|Tips for Successful College Admission Interviews|
For many young people, the idea of a face-to-face interview for college admission is daunting. Why? Many high school students have had little experience talking with adults they don't know about their goals and experiences. It can be uncomfortable. It can be easier, however, if students are prepared. This article describes ways to make your students feel more confident about the interview process.
When it comes to admission interviews, potential interviewers can range from an admission officer on a college campus to a current student to an alumnus in the area. Not all schools require an interview, but if it's a possibility, an interview is highly recommended. Let your students know that the interview is not intended to be a gut-wrenching or torturous experience, even though it may seem like that to them. The interview is one more way for a student to display a strong interest in a school, and it lets the interviewer get to know the personality behind the grades and test scores. It allows a borderline student to present him- or herself as a winning candidate by virtue of sincerity or charm, to explain any extenuating circumstances that affected academic performance, and to describe the ways he or she will contribute to the school.
The number one tip for students facing an interview is quite simple: practice. Engaging in mock interviews with parents, counselors, or fellow students is the very best tool for improvement. Students should learn to monitor their vocabulary for slang, pauses, and banalities. Common expressions such as "like" and "you know" can sound extremely sloppy when repeated again and again. If you have the ability to record your students, it can be an eye-opener for them to hear themselves as they really sound.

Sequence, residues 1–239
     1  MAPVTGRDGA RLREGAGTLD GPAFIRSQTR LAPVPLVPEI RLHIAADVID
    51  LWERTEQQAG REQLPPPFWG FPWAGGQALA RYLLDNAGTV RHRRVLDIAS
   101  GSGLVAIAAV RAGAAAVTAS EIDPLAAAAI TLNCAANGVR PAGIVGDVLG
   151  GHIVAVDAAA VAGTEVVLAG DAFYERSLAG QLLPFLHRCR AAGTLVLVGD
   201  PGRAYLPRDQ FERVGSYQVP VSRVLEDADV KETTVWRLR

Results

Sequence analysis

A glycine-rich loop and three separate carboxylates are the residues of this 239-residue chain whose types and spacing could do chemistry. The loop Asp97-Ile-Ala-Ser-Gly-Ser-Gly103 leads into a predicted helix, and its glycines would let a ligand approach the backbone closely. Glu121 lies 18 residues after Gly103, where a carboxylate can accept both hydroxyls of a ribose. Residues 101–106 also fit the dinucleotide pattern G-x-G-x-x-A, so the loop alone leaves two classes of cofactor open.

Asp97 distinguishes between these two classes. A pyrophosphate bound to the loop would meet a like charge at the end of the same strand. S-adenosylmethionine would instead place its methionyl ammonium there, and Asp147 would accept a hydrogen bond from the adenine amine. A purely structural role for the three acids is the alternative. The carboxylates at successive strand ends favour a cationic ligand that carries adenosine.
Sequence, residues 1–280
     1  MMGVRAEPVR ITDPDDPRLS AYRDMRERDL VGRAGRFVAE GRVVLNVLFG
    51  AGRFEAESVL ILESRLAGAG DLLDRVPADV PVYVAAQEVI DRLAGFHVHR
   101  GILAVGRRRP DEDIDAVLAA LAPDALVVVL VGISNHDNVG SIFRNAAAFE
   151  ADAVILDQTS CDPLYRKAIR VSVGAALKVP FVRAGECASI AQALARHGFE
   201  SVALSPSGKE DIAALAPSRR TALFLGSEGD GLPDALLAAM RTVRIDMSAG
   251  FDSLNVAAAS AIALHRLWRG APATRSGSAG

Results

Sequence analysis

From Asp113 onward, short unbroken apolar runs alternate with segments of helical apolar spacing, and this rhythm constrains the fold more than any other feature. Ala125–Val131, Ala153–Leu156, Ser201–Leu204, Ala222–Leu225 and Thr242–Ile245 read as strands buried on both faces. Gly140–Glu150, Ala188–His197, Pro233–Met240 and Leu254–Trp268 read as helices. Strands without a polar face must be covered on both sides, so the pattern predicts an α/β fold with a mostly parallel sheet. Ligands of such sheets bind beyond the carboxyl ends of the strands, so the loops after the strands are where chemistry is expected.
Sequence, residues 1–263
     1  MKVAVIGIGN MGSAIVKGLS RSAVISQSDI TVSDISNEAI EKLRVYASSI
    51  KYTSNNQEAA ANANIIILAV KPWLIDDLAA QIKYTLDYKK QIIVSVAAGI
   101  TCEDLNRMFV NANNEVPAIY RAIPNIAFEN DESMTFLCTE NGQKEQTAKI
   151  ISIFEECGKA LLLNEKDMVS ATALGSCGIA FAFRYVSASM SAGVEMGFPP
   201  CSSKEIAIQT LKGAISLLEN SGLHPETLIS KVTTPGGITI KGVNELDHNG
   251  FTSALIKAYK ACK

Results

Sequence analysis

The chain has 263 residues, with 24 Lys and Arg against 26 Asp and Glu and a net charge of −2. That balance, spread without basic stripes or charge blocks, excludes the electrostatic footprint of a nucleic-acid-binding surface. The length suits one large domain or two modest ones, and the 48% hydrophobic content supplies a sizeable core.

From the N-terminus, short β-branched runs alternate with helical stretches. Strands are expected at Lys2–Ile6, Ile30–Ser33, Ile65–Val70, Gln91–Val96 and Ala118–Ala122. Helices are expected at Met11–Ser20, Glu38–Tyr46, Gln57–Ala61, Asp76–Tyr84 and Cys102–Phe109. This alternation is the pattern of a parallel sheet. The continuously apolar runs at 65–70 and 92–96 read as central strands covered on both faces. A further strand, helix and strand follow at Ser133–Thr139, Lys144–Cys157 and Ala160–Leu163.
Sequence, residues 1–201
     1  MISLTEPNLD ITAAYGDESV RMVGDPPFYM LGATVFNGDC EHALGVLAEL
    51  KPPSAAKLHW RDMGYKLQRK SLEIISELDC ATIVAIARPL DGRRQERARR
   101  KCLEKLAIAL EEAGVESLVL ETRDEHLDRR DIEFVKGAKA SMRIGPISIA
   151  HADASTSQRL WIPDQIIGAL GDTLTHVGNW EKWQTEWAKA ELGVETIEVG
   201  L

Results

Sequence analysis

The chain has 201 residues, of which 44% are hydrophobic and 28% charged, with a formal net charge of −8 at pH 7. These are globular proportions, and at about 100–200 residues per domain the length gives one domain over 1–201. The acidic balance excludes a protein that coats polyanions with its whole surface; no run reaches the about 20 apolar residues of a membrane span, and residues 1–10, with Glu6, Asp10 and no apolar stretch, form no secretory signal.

You can help your students by pointing out areas of strength as well as items they may want to work on. Instructing your students to simply make eye contact, smile, stand up straight, give a firm handshake, etc. may seem insignificant, but many young people lack interviewing experience and can benefit greatly from this type of advice.
Each student should focus on a few key points (interests, achievements, or personal strengths) that he or she will feel comfortable talking about. Every interview will be different, but it's always best to show up prepared. Among the most commonly asked questions are the following:
As with any interview, students ought to be prepared but seem relaxed. There's no need to memorize speeches or sound like a robot, but they should have answers to these kinds of questions in mind.
Of course, students should conduct themselves appropriately at all times. This applies to language, dress, posture, humor, etc. They should seek to engage in a two-way conversation, expressing an interest in the person asking the questions, rather than answering with just a yes or no.
They should also bring some questions of their own. Asking questions can be a great way to learn more about the school, especially if the interviewer is an alumnus. What's the town like? Dorm life? Academic load? Are the professors accessible and friendly? What is the best thing about the school? Is there a club or activity he or she recommends?
Above all, remind your students that they should be themselves. There's no point in saying what they think an interviewer wants to hear; people can see through an insincere answer. Teenagers aren't expected to have all the answers, and it's better to be honest if there's something they don't know or haven't had time to consider. For example, if an interviewee is asked about his or her potential major but doesn't have a specific one in mind, it's best to say, "I'm really not sure at this point. But what I've enjoyed most in high school is..."
After an interview, it is common for students to harbor doubts about their performance. It may help to remind them that an interviewer isn't focused on each word and gesture but on gaining an overall impression. An interviewer is looking for students with the background and self-possession to do well at a particular school.
The best advice is to be on time, be positive, be relaxed, and be respectful. And when the interview is over, remind your student to send the interviewer a thank-you note right away!